It is the first time, I see a comparison of Poly-Si to Amorphous Poly (as deposited) and not to pure silicon. As a result a 10 time improvement is really easily achievable. The next decade (crystal Si) of improvement will be much more challenging. Notice than Laser annealing is a common process that is already used in production for most (planar) TFT device. So I do not see the originality here.
Specially as say Resistion, It will be hard to apply it to 3D memory as this is a surface technique.
The effect of the disorder in the channel material of the MOS devices on conduction properties is well known. For instance, we did a study when at Matrix Semiconductor on this and it was published in the IEEE TED in 2004 ("On the conduction mechanism in polycrystalline silicon thin-film transistors", IEEE TED Nov., 2004). In general, the engineering approach considers the grain boundaries as effective barriers to conduction of the carriers (electrons in this case). The physicists consider the states in the bandgap as the cause of poor conduction. The more states, the more difficult it is to invert a channel in the MOS device and the resultant charged states act as mobility inhibitors. The main point is, the less disorder the closer is the conduction to monocrystalline silicon. Therefore, techniques that reduce disorder work well (such as laser annealing which is fairly standard in the flat panel TFT world). The quote from the above paper is the general summary:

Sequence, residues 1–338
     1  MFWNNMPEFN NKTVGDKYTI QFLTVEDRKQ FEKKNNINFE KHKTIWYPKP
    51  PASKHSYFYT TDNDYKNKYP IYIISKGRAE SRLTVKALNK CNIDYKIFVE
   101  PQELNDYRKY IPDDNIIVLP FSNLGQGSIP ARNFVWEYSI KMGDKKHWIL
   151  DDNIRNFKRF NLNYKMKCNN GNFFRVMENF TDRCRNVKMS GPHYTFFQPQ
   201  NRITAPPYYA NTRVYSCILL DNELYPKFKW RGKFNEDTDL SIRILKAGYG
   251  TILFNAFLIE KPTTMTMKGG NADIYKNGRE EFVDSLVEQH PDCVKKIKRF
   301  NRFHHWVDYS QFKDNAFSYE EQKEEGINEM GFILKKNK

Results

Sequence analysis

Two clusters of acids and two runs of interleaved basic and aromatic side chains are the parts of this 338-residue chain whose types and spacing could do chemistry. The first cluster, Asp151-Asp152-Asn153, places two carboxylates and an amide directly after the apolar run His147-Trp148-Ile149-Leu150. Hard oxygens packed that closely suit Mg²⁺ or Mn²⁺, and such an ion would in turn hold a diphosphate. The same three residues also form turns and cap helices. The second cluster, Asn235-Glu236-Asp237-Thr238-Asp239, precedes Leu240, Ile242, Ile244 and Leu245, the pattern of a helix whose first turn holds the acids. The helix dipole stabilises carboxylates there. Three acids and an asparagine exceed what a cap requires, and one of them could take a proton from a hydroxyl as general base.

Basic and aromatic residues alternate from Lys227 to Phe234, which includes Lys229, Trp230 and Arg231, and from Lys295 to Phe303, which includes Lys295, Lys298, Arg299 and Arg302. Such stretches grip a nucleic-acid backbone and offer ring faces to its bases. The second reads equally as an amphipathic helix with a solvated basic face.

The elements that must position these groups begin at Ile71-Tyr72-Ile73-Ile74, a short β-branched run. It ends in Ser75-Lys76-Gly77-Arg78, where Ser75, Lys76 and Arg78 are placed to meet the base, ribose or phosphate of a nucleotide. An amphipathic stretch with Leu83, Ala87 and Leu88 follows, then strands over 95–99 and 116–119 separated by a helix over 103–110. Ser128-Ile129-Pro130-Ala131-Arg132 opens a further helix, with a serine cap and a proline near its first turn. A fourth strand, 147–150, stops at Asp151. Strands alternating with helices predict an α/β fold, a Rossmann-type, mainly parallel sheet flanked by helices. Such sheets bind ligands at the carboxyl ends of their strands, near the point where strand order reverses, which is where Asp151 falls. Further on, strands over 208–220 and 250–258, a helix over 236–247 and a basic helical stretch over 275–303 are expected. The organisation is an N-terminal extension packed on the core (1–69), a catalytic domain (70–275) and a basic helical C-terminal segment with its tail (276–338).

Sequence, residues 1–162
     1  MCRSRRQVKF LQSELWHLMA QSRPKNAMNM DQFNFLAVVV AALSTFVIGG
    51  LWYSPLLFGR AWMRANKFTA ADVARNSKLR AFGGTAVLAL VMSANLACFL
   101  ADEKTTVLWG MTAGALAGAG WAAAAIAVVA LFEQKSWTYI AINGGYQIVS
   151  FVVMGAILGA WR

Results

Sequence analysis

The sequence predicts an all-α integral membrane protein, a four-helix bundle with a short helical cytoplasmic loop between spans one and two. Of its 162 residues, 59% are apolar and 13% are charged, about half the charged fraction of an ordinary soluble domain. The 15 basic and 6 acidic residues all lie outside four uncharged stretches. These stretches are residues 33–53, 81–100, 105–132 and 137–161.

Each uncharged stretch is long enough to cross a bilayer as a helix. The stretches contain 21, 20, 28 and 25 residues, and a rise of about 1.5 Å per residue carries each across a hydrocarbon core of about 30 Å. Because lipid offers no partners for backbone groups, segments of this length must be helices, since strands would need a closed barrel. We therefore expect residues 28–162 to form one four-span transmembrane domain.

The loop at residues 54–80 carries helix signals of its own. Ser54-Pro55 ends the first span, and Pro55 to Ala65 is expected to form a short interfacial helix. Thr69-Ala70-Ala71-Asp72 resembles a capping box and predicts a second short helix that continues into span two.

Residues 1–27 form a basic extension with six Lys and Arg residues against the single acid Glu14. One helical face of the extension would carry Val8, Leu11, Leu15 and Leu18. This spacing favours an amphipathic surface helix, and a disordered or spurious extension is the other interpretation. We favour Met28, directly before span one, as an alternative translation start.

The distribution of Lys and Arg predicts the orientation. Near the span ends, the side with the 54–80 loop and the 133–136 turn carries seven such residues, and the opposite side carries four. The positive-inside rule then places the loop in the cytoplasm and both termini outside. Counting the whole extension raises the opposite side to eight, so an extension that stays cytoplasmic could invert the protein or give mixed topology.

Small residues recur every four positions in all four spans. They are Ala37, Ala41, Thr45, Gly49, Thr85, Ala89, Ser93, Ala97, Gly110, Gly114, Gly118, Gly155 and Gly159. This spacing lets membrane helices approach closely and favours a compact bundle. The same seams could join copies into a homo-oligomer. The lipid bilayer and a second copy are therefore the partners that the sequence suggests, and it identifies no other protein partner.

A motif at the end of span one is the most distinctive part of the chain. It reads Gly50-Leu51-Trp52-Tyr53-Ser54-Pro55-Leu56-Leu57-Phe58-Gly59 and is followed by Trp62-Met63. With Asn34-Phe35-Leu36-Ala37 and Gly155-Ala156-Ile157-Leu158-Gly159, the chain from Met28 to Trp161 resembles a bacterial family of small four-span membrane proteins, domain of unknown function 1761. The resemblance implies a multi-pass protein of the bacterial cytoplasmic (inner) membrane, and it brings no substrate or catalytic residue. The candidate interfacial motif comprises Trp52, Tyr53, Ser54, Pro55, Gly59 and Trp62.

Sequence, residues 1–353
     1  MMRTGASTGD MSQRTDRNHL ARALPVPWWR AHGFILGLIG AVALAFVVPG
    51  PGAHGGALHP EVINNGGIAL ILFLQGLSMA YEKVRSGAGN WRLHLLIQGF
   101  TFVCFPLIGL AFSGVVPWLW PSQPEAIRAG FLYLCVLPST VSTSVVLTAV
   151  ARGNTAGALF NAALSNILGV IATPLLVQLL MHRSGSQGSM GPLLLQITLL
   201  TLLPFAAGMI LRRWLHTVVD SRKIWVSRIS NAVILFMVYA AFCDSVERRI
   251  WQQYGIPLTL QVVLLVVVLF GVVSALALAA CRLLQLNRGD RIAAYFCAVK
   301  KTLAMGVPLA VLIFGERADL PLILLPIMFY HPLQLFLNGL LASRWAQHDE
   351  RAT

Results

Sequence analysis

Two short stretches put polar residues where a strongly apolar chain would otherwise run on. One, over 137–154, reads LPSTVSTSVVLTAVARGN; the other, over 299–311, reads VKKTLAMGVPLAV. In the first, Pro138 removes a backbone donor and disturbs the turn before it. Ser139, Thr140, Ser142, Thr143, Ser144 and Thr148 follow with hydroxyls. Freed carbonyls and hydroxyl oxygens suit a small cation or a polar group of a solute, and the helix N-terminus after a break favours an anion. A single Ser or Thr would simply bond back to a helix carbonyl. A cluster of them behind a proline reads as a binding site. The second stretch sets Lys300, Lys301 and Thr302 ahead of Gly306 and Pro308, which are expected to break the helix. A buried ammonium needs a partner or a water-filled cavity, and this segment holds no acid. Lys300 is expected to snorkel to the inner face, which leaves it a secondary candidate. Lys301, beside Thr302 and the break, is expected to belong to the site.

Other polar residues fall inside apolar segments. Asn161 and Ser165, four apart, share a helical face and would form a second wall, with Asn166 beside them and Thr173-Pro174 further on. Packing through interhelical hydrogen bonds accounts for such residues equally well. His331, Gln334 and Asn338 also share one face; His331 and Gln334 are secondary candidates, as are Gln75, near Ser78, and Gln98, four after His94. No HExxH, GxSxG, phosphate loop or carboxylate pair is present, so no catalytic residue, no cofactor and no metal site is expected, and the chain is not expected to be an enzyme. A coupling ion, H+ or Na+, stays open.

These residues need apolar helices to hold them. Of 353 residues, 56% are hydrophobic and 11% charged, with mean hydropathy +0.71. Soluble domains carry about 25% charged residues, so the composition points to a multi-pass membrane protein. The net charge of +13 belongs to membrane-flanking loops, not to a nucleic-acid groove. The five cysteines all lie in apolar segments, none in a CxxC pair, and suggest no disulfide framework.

"This study shows the physics of polycrystalline silicon TFT conduction to be of the same form as amorphous and single crystal devices with the degree of disorder as the sliding scale between the two extremes."
with complex semiconductor processes and relatively larger number of process steps, the 3D integration is challenging. Local annealing can only be a temporary solution as the buried layers will not be cured. We need either better material or dedicated heat conducting channels for energy transport.
1/ TFT is quite different from 3D SONOS because in a planar device (esp large ones like TFT) you can easily go to larger grain size (the main parameter that determines the read current). In 3D memory it is definitely much more challenging.
2/ It is indeed not easy to fully recrystallize the channel, but in our case we were capable of doing this down to 300nm, which is of the order of the needed channel dimensions (~1um). There are, however, other ways to limit the channel depth which make the technique more applicable.
Blog Doing Math in FPGAs Tom Burke 24 comments For a recent project, I explored doing "real" (that is, non-integer) math on a Spartan 3 FPGA. FPGAs, by their nature, do integer math. That is, there's no floating-point ...